The Federal Trade Commission (FTC) said early Wednesday it had filed an administrative complaint challenging the proposed joint venture, shaving value off the respective companies' New York-quoted shares to new 12-month lows.
The FTC alleged the transaction would eliminate competition between Peabody and Arch, the two major competitors in the market for thermal coal in the southern Powder River Basin of north-eastern Wyoming, and the two largest coal mining companies in the US.
The FTC has also permitted staff to file a complaint for a temporary restraining order and preliminary injunction to maintain the status quo pending an administrative trial on the merits.
"Whatever the product, the antitrust laws protect customers from mergers that lead to higher prices," said FTC director Ian Conner. "This joint venture would eliminate the substantial head-to-head competition between the two largest coal miners in the US, and that loss of competition would likely raise coal prices to power-generating utilities that provide electricity to millions of Americans."
According to the complaint, Peabody and Arch produced more than 60% of all SPRB coal in 2018. It alleges the two companies controlled more than 60% of reserves in the region.
SPRB coal is attractive for power generators since its low sulphur and sodium content allows them to burn more without fouling emissions regulations.
The commission voted 4-1 to issue the administrative complaint and to seek the temporary restraining order and preliminary injunction on both matters.
Peabody and Arch intend to litigate the FTC's decision within the US federal court system over the coming months.
Peabody boss Glenn Kellow said the joint venture offered a clear and compelling path to strengthen both companies' and their customers' ability to compete in the current market place with electricity produced from coal.
"We have provided tremendous amounts of evidence to the FTC during an extensive review, fully demonstrating that coal, including SPRB coal, faces intense competition from natural gas and other alternate fuels. We believe that the commission has reached an incorrect decision that should be rapidly remedied within the court system to allow customers and others to benefit from the combination," Kellow said.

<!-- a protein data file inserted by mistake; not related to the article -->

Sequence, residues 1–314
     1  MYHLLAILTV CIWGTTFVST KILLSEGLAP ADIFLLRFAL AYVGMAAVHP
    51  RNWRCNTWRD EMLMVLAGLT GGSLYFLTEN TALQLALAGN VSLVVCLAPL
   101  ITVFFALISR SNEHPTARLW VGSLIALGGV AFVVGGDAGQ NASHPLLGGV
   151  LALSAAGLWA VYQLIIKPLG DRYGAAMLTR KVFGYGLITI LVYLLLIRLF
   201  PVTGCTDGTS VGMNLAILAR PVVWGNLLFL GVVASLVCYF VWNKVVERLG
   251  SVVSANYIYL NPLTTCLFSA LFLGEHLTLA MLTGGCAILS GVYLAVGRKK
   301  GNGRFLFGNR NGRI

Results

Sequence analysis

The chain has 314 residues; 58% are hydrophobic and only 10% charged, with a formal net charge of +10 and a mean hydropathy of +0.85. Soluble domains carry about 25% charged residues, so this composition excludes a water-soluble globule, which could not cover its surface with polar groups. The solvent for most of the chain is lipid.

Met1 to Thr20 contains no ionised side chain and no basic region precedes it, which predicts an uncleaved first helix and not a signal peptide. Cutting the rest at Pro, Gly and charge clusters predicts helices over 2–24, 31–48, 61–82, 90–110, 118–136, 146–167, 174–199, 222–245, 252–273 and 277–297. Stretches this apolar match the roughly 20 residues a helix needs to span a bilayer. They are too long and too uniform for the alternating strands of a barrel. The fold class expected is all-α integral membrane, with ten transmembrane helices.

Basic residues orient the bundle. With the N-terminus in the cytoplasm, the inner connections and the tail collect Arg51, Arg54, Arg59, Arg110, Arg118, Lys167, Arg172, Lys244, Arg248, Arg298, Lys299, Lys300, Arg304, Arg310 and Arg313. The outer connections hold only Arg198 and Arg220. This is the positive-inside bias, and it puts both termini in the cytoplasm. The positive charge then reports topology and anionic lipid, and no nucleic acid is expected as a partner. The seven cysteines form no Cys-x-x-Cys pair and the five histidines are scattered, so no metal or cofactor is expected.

Arch CEO John Eaves also weighed in, saying merits of the proposed combination were "self-evident". "In short, it will create a stable, durable supply platform for our thermal customers even as we continue our organisational pivot towards global metallurgical markets."
The transaction was announced in June last year and would combine the companies' Powder River Basin and Colorado assets. Ownership would be structured with Peabody owning 66.5% and Arch owning 33.5%.
If consummated, the joint venture is expected to realise annual synergies of US$120 million over an initial 10-year period, which would benefit all stakeholders, including customers, local communities, employees, investors and others.
The transaction includes seven of the companies' mines, including Peabody's North Antelope Rochelle mine and Arch's Black Thunder mine, which share a property line of more than 11km. Other assets comprise the Caballo, Rawhide and Coal Creek mines in Wyoming along with the West Elk and Twentymile mines in Colorado.
Moody's Investors Service viewed the news as "credit negative" for both proponents.
"While the companies plan to challenge today's decision, Moody's expects that business conditions for coal producers in the PRB will remain extremely challenging in light of ongoing secular decline in the demand for thermal coal, low natural gas prices encouraging switching in the near-to-medium term and far fewer opportunities to export coal compared to other coal basins in part due to social opposition in the Pacific Northwest," he said.
Peabody shares (Nasdaq:BTU) fell 9.53% or 61c Wednesday to $5.84, giving it a market value of $566.6 million, and taking the 12-month decline to more than 81%.
Arch shares (Nasdaq:ARCH) lost 4.07% or $2.06 in value to $48.61, giving it a market capitalisation of $735.6 million. The stock has given back 47% over the past 12 months.